Whether you're a hunter, competitive shooter, or just a casual rifle shooter, generating a ballistics chart is one of the most important things you can do to ensure first round hits.
What is a ballistics chart and how do you get one you ask? Have no fear and read on!
In the simplest term, a ballistics chart is just a table that gives you bullet drop and wind drift at known distances, generally in 100 or 50 yard increments. Once you have this info, you can quickly estimate for your exact range, because the target always seems to 287 yards away...
The first thing you need to generate a ballistics chart is a chronograph. It's critical that you get the velocity reading out of the exact gun you'll be using, otherwise it's just a guess. Most ammunition manufacturers publish velocity data for each load, however, those readings are generally out of a SAAMI Spec test fixture, and not an actual rifle, so the actual reading could be very different. For instance, the SAAMI Spec barrel for 223 Remington is a 24" 1:12 twist. That may have been accurate with most rifles years ago, before the AR-15 exploded in popularity. Nowadays, you're most likely to be firing 223 out of a 16" gas operated gun with a 1:8 or 1:9 twist, so you can expect a much different reading. I've personally even seen guns that were in every way identical, have a 30-40 average FPS spread!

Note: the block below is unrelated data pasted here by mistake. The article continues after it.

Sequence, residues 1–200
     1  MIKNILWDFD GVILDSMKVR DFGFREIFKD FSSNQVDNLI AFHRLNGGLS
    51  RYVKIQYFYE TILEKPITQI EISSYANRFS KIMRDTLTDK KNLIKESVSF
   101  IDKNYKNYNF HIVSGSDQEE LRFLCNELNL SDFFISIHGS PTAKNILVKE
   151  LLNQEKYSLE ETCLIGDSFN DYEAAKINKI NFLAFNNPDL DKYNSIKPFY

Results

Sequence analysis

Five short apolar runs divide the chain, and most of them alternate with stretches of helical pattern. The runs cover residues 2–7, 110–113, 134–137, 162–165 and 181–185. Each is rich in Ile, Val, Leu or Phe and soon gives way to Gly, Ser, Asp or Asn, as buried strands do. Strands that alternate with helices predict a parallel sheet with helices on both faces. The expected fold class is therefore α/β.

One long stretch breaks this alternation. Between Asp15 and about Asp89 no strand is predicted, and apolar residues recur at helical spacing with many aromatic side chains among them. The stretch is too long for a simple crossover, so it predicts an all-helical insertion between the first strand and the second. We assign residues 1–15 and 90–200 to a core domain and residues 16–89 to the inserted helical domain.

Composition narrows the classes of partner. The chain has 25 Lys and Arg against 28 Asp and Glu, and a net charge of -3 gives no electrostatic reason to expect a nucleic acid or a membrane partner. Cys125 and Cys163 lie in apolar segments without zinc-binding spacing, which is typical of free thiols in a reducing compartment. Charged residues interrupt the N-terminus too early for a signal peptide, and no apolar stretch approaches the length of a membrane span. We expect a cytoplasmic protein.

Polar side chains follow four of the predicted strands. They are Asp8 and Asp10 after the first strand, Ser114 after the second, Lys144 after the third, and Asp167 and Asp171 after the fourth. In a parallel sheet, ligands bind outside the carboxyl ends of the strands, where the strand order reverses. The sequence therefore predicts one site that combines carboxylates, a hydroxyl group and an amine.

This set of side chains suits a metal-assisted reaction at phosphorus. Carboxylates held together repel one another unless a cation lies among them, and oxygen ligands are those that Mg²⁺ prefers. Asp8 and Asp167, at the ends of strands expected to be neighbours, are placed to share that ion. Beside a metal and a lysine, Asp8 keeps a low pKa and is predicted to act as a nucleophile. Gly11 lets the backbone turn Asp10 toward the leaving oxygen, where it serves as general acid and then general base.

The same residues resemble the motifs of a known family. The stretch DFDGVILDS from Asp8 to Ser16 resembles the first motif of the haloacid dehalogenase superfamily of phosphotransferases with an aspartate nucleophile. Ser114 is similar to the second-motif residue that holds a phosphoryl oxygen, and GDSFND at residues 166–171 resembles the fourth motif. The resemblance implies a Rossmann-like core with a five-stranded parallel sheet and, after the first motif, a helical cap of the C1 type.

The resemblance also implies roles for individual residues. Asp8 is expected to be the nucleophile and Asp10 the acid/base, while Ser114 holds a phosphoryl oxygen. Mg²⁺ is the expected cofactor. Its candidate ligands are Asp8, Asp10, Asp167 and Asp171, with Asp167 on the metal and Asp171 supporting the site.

The next thing you'll need is bullet information, such as diameter, weight and Ballistic Coefficient, all of which should be easy to obtain. The only other data you'll need is what distance you sighted the rifle in, and the height of the centerline of the scope above the centerline of the bore.
Once you have all of your data together, plug it into a ballistic calculator like this one, print it out and keep it either in your bag or make a mini version and tape it to the rifle. There are even apps available for Android and iPhone so you have the ability to make adjustments as needed in the field.